At eight weeks, you could start treatment with a scar laser like the Cynosure Lux 1540. This is designed to soften the scar and inhibit it from getting hypertrophic over the next two months. Keep massaging the neck. Keep in mind that at six weeks,the tissues are very actively healing and there is no active intervention to do. Eventually what appears to be dog ears at the end can soften and blend into the plane of the neck. If not then after 6-8 months some revision might help, without extending them any further. Post-op neck hardening, recurrent banding and firmness of the neck is a known problem with necklifts. Many plastic surgeons prefer not to open the neck during a facelift for this reason. Corset platysmaplasties seem to work well in some plastic surgeons hands, but I personally feel that they tend to make the neck look unnaturally tight and contoured. In any case, patience will be needed and your plastic surgeon can be supportive to you during this time.
Your situation is unusual in my experience and I'm uncertain why such a long scar was necessary. The good news is that I do expect it to soften and fade in visibility over the next six months time. It may actually become temporarily a little more prominent at the 12 week mark but should then soften and reduce its prominence. In the interim you might gently massage the incision and apply silicone gel (available at most drug stores).Best wishes,Jon A Perlman MD FACS
Certified, American Board of Plastic Surgery
Extreme Makeover Surgeon ABC TV
Best of Los Angeles Award 2015, 2016
Beverly Hills, Ca
Hello ch823333 - Thanks for your question. I'm sorry for your difficulties. I myself have had to place this incision a couple of times in my career and each time it was with trepidation. After 2000 face and necklifts I've seen all kinds of variations on postoperative necks. You are smart to continue with massage and silicone sheeting. At 8 weeks, the scar is very young and will need much more time to mature. Fractional laser resurfacing, IPL, and microneedling with PRP are all great options to help your scar modulate nicely. Work closely with your surgeon and trial these options for a nonsurgical way to improve the scar to get it to a satisfactory endpoint. Good luck, Dr. Shah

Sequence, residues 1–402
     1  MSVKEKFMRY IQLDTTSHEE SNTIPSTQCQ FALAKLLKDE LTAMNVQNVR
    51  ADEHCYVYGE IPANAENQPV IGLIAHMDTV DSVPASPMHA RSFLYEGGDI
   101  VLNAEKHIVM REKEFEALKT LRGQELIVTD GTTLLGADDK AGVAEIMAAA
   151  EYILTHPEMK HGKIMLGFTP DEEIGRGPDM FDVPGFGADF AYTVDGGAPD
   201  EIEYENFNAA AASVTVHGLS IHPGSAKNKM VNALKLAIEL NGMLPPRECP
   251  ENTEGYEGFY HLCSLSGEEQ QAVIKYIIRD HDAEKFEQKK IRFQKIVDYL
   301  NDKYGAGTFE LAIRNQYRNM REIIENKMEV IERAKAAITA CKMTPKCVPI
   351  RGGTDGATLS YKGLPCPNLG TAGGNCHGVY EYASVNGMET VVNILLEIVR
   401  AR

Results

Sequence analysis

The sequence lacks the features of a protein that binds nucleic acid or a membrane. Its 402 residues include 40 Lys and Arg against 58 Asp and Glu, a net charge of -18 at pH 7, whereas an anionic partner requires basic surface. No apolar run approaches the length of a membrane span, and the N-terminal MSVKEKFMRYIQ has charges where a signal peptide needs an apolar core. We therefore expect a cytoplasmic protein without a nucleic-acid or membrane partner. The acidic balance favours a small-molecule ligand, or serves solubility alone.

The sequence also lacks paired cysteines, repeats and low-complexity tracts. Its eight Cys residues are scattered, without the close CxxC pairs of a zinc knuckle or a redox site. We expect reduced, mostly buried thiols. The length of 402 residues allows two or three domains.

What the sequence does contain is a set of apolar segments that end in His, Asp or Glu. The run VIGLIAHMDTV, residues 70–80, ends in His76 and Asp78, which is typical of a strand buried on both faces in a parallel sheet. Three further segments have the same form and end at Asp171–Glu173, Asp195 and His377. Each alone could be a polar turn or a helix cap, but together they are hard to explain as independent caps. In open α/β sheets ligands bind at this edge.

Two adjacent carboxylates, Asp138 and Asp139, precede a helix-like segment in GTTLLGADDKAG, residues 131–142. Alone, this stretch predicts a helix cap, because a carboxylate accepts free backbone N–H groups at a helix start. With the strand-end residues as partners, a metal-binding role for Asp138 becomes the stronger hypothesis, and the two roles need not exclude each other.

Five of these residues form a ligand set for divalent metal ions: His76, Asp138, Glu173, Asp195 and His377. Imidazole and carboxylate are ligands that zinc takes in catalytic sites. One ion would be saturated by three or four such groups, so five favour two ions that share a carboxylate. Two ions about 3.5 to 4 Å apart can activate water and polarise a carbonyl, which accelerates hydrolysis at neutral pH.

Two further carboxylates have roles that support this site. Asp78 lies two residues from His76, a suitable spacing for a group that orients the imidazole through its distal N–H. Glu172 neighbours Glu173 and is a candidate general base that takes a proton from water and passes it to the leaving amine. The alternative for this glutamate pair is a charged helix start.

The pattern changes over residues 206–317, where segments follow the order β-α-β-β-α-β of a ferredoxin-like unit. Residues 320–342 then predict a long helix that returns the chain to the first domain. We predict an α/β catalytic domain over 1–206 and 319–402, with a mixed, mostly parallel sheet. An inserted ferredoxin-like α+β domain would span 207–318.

Lasers, subcision and fillers can be used to improve this. Microneedling/PRP often helps. An in person consultation is needed. Best, Dr. Emer.
for being that long... but if your problems may have required it without redoing the facelift. If so, this is the result of the needs of the procedure. You can smooth the scar out with many modalities if it isn't flat enough for you but you need to allow it to heal at this point and allow the redness to resolve before doing anything else.
In general terms, the scar is somewhat longer than normally used and probably was designed to accommodate skin removal. I do not typically remove skin in this region, because once a corset platysmaplasty is performed, more skin is required to fill a concavity than an oblique neck angle. The scar itself will improve over time, taking up to 1 year to reach steady state. Silicone sheeting won't hurt, but won't likely add a great deal in this circumstance. Time and reassurance from your Surgeon will be the best Medicine.
Dear ch823333, Personally, I have never used an incision like this during a facelift/necklift and my feeling is that when you remove skin from the sub-mental region, you can cause an elongation of the incision and then have what we call (dog ears) at each end. My preferred method is lifting and removing the skin from the post and pre-auricular areas. With that said, continue follow up with your surgeon and discuss options to reduce your scarring including the silicone sheeting, massage, and possible laser therapies. Time is on your side and you should see some improvement. Best regards, Michael V. Elam, M.D.
Sorry you've had such a difficult postoperative experience. 8 weeks is still pretty early in the postoperative period. Scars tend to mature by around 6-12 months (less red, smaller in size, flatter appearing), so I would wait up to 12 months before considering further treatment. Fortunately, if you are not happy with your scar after this "watch-and-wait" period, there are several great options to help improve the appearance of your scar (including but not limited to laser skin resurfacing, fillers, surgical procedures). I recommend visiting a board-certified facial plastic surgeon for a proper exam prior to any interventions.
I think the silicone sheet is a good idea. Eventually the scar will soften and fade. It is too soon to do any revision at this time. I would continue to have your plastic surgeon follow the scar because down the road he may be able to improve upon it.
Good luck to you.
I'm sorry to hear of your unhappy experience. That particular scar probably takes longer than most facial scars to look good, but the odds are it will do fine if given enough time, and that is up to a year. Until then it is best to avoid anything more aggressive than a good silicone scar treatment.